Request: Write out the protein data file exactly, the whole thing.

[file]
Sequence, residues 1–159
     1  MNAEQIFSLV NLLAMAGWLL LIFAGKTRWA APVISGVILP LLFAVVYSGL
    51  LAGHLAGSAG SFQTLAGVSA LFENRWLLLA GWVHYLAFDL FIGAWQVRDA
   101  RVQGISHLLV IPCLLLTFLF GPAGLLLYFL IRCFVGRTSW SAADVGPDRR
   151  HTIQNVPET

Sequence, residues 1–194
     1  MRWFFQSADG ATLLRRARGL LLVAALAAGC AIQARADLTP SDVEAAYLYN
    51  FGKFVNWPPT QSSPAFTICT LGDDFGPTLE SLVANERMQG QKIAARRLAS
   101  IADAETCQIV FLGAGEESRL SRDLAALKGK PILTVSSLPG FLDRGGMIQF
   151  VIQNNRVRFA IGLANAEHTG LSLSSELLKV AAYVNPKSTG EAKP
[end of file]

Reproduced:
Sequence, residues 1–159
     1  MNAEQIFSLV NLLAMAGWLL LIFAGKTRWA APVISGVILP LLFAVVYSGL
    51  LAGHLAGSAG SFQTLAGVSA LFENRWLLLA GWVHYLAFDL FIGAWQVRDA
   101  RVQGISHLLV IPCLLLTFLF GPAGLLLYFL IRCFVGRTSW SAADVGPDRR
   151  HTIQNVPET

Sequence, residues 1–194
     1  MRWFFQSADG ATLLRRARGL LLVAALAAGC AIQARADLTP SDVEAAYLYN
    51  FGKFVNWPPT QSSPAFTICT LGDDFGPTLE SLVANERMQG QKIAARRLAS
   101  IADAETCQIV FLGAGEESRL SRDLAALKGK PILTVSSLPG FLDRGGMIQF
   151  VIQNNRVRFA IGLANAEHTG LSLSSELLKV AAYVNPKSTG EAKP